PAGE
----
Who is Basim Khandaqji? Imprisoned Palestinian author and winner of literature award

Khandaqji has won the 2024 International Prize for Arabic Fiction for his novel A Mask, the Colour of the Sky

Palestinian author Basim Khandaqji is serving three life sentences in an Israeli prison. Photo: International Prize for Arabic Fiction
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Basim Khandaqji has been named the winner of the 2024 International Prize for Arabic Fiction for his 2023 novel A Mask, the Colour of the Sky.

Born in Nablus, Palestine, in 1983, Khandaqji studied journalism and media at An-Najah National University in the northern West Bank.

He has been in Israeli prison since 2004, when he was convicted of terrorism charges and sentenced to three life sentences for allegedly planning a bombing that killed three people in Tel Aviv.

Until his imprisonment at the age of 21, Khandaqji wrote a number of short stories.

In prison, he has continued to study and write, releasing poetry collections Rituals of the First Time (2010); The Breath of a Nocturnal Poem (2013); The Narcissus of Isolation (2017); and novels, The Eclipse of Badr al-Din (2019); The Breath of a Woman Let Down (2020); and A Mask, the Colour of the Sky (2023).

The Eclipse of Badr al-Din is a novel that intertwines history and fiction. According to the StoryTel synopsis, the story is set in the European part of Turkey in the late 14th and 15th centuries, revolving around the tale of Sheikh Badr al-Din Mahmoud. The reader accompanies Badr al-Din on a journey of rebellion against corruption, as he questions the value of knowledge without dignity.

His 2020 release, The Breath of a Woman Let Down, depicts an artistic alternative reality, informed by life in Palestine in the years after the First Intifada.

In 2019, Lebanese news channel Al Mayadeen spoke to an unnamed brother of Khandaqji, who said, "My brother's first writing was a scathing article titled Thank You for Your Life Sentences." Al Mayadeen's coverage describes Khandaqji's work as a "statement [that] is directed at the three military court judges who decided to issue a life sentence against him three times in a row. His words brought tears to the lawyer defending him and astonished the military court judges."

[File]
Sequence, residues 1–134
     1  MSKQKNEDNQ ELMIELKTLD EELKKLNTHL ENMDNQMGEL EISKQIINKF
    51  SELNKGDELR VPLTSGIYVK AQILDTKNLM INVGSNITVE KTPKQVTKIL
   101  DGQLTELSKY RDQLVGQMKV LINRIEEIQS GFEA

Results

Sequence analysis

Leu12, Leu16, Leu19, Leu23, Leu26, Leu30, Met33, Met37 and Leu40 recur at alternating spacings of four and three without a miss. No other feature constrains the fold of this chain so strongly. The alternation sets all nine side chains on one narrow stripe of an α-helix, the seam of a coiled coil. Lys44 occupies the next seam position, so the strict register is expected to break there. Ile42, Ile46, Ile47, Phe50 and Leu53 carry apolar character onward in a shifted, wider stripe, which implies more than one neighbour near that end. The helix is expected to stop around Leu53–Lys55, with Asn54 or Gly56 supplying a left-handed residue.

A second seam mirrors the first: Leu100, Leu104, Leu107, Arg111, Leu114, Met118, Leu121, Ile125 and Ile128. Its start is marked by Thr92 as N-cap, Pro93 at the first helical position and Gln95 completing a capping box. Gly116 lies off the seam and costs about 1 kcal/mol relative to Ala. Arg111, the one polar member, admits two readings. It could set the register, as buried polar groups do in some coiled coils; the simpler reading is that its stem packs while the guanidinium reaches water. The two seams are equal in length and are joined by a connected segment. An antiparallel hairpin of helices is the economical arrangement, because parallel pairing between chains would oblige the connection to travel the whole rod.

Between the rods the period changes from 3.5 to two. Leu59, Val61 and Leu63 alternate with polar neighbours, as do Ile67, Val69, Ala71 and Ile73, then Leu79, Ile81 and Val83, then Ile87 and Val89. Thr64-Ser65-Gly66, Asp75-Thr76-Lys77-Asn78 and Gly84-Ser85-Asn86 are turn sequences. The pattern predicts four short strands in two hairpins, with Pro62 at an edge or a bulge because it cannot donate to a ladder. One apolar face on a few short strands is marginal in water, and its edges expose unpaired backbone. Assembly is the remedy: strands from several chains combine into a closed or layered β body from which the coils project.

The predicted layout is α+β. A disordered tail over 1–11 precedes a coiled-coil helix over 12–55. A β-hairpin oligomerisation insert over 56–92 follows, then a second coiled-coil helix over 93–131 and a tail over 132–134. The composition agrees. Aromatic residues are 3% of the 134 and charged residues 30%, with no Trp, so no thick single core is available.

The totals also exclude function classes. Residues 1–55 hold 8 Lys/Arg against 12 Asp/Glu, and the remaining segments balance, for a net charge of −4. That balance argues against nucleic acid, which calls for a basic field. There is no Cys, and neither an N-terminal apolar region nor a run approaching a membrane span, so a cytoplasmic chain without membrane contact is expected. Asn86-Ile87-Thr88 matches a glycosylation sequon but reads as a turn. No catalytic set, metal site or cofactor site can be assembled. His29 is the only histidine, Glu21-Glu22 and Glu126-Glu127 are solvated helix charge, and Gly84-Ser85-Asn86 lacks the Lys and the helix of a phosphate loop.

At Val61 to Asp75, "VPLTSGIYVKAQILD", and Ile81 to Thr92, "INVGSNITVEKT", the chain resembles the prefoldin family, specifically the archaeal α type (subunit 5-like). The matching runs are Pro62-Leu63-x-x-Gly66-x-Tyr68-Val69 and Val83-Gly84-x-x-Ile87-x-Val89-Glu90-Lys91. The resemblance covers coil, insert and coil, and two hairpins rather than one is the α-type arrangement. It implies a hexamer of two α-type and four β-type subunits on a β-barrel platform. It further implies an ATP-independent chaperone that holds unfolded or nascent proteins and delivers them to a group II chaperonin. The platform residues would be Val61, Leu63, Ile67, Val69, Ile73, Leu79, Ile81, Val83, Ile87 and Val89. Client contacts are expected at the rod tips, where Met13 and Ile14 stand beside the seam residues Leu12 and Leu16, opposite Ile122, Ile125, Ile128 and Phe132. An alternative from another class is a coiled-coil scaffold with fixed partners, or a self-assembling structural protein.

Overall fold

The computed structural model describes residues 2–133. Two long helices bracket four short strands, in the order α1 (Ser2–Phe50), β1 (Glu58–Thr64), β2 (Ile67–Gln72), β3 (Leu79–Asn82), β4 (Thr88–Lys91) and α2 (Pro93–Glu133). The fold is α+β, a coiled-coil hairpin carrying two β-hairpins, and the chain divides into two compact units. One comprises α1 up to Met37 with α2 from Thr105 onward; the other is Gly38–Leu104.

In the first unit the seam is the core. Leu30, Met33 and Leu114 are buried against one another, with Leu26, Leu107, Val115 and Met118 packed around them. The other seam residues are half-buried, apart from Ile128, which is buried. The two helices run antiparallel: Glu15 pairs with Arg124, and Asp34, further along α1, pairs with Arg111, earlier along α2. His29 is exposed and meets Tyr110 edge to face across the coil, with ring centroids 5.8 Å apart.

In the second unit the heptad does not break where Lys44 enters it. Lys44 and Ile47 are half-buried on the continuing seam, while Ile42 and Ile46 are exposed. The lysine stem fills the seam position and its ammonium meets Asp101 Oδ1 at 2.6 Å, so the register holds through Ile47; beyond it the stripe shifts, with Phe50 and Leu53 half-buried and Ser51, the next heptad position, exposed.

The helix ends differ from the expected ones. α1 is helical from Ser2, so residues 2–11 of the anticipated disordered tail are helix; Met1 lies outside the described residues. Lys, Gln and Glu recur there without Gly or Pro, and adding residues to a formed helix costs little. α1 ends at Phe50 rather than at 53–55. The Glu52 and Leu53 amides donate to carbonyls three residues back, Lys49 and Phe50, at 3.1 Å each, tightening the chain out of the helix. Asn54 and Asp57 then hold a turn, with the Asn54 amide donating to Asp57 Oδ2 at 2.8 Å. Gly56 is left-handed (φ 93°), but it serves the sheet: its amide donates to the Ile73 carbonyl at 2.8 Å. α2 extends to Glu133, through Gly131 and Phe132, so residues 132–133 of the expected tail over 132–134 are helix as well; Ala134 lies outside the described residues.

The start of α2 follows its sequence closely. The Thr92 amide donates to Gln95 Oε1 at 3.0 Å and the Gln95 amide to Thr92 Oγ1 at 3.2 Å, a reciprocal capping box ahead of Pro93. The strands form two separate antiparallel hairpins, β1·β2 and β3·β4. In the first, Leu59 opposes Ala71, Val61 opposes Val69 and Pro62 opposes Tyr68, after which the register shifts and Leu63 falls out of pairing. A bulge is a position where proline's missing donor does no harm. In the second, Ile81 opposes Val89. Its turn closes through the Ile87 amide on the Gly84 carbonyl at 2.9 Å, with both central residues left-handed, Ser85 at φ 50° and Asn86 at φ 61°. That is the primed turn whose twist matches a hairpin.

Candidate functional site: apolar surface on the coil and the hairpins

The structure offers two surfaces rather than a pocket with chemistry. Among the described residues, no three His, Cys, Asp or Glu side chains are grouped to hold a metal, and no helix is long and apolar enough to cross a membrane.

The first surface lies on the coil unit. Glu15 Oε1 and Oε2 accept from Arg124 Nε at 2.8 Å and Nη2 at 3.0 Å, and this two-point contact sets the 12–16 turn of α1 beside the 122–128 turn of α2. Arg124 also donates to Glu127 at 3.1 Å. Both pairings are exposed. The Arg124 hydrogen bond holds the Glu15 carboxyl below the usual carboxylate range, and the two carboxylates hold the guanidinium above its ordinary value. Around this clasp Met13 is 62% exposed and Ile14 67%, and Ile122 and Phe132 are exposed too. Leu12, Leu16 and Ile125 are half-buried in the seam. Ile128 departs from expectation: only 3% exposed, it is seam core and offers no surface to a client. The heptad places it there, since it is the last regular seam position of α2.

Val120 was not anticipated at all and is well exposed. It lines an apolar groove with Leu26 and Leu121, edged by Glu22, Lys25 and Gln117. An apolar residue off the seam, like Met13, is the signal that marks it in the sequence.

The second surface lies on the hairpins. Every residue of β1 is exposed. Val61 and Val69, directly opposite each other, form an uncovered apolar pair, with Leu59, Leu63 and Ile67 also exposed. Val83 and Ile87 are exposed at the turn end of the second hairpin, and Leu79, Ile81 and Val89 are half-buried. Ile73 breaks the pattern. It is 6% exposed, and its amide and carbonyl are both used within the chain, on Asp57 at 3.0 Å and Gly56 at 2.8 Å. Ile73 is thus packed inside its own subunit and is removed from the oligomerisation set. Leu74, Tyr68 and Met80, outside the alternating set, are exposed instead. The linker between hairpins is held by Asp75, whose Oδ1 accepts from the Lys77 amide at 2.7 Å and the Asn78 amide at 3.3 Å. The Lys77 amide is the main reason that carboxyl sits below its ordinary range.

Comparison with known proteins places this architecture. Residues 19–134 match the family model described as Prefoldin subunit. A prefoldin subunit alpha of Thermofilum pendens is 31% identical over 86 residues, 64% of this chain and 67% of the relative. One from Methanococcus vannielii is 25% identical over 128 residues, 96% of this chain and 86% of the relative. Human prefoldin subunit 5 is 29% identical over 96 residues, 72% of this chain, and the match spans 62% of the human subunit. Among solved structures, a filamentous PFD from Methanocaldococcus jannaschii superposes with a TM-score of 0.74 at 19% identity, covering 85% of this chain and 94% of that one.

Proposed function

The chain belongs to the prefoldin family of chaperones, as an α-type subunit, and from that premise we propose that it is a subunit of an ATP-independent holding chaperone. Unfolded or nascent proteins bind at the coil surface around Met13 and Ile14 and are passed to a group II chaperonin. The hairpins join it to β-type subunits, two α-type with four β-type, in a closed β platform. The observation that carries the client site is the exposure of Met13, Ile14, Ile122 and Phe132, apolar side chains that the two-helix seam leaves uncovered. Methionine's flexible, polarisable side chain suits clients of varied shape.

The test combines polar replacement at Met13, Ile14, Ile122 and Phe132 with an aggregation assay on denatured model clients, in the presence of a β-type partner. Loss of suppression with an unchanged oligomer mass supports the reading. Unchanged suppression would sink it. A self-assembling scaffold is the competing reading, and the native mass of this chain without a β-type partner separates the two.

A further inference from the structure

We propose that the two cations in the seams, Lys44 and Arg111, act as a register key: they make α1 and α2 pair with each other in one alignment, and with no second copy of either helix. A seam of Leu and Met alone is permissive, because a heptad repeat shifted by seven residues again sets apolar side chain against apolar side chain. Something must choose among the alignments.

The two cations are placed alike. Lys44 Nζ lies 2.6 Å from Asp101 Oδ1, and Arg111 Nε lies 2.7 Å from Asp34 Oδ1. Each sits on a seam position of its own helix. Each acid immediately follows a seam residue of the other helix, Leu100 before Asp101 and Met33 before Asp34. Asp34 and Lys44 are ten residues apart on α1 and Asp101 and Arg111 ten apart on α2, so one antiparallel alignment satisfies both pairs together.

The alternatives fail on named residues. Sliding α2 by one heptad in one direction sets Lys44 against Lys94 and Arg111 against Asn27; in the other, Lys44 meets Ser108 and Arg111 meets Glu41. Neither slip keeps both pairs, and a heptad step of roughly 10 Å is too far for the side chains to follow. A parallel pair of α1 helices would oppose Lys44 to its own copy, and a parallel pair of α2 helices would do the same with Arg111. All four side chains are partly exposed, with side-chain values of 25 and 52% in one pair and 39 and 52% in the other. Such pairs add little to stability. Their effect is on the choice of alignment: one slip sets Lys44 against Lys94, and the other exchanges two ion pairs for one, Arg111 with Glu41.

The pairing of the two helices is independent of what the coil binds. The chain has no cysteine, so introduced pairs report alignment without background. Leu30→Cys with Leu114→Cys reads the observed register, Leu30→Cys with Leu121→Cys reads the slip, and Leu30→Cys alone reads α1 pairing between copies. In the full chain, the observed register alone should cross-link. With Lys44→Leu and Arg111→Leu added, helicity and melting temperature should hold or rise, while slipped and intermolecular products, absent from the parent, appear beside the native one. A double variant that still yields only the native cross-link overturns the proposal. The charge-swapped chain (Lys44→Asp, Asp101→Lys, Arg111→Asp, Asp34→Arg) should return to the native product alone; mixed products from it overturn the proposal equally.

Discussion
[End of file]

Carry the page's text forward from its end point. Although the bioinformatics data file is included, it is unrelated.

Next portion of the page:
According to the International Prize for Arabic Fiction website, he has registered with Al-Quds University in Jerusalem and continued to study Political Science from prison, with a thesis on Israeli Studies.

When Khandaqji was announced on the longlist of the 2024 International Prize for Arabic Fiction in January, prize organisers published an interview with an unnamed brother of the writer.

His brother told prize organisers that there had been "no means of communicating with [Khandaqji] for the past four months".

Speaking about his brother's writing habits from prison, he said that he writes daily from 5am until 7am, when he usually produces around two pages.

Khandaqji's Ipaf prize was awarded in Abu Dhabi on Sunday. It was collected on his behalf by Rana Idriss, founder of Dar Al Adab, the Lebanese publisher of A Mask, the Colour of the Sky.

As part of the prize, he won a $50,000 sum. Ahead of the awards, a representative from the Israel Prison Service told Israeli public radio station KAN News: "We do not recognise the book or the identity of its author. If it decided that a terrorist should be rewarded with a prize, it would be impossible to receive it."

About A Mask, the Colour of the Sky by Basim Khandaqji

A Mask, the Colour of the Sky follows the life of Nur, a Palestinian archaeologist residing in a refugee camp in Ramallah. Upon finding the blue identity card belonging to an Israeli citizen in the pocket of an old coat, Nur takes on the life of the card’s namesake in an attempt to understand life behind the Israeli security fence.

The novel was written between June and November 2021, but took several years to research, according to his brother, who describes the work as "a huge fictional advance in Basim’s literary career as a novel writer", which "differs stylistically from his other novels".

"Basim is inspired by ancient and contemporary Palestinian history. He based his novel on his reading of research and studies about Palestinian history, including eyewitness accounts of some of the prisoners inside and outside prisons, especially the Palestinians living inside Israel," his brother says. "Among them is the Palestinian historian Dr Johnny Mansour, who gave Basim information about the village of Lajjun and kibbutz Mish’ar Ha’imek and the Roman Sixth Legion."

Updated: April 29, 2024, 6:50 AM